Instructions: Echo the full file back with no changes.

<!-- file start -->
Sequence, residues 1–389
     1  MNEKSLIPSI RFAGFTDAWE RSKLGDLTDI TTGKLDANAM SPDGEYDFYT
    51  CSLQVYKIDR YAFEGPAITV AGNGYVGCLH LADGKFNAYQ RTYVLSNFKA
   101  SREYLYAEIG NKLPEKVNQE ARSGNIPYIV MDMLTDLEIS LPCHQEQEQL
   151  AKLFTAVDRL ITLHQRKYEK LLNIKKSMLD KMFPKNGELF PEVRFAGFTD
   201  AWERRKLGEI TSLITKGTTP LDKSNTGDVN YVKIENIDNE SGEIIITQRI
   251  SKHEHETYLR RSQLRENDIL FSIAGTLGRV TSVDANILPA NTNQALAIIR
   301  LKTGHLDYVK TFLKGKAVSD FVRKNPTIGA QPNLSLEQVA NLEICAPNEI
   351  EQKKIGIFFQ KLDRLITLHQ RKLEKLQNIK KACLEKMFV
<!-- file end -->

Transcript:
Sequence, residues 1–389
     1  MNEKSLIPSI RFAGFTDAWE RSKLGDLTDI TTGKLDANAM SPDGEYDFYT
    51  CSLQVYKIDR YAFEGPAITV AGNGYVGCLH LADGKFNAYQ RTYVLSNFKA
   101  SREYLYAEIG NKLPEKVNQE ARSGNIPYIV MDMLTDLEIS LPCHQEQEQL
   151  AKLFTAVDRL ITLHQRKYEK LLNIKKSMLD KMFPKNGELF PEVRFAGFTD
   201  AWERRKLGEI TSLITKGTTP LDKSNTGDVN YVKIENIDNE SGEIIITQRI
   251  SKHEHETYLR RSQLRENDIL FSIAGTLGRV TSVDANILPA NTNQALAIIR
   301  LKTGHLDYVK TFLKGKAVSD FVRKNPTIGA QPNLSLEQVA NLEICAPNEI
   351  EQKKIGIFFQ KLDRLITLHQ RKLEKLQNIK KACLEKMFV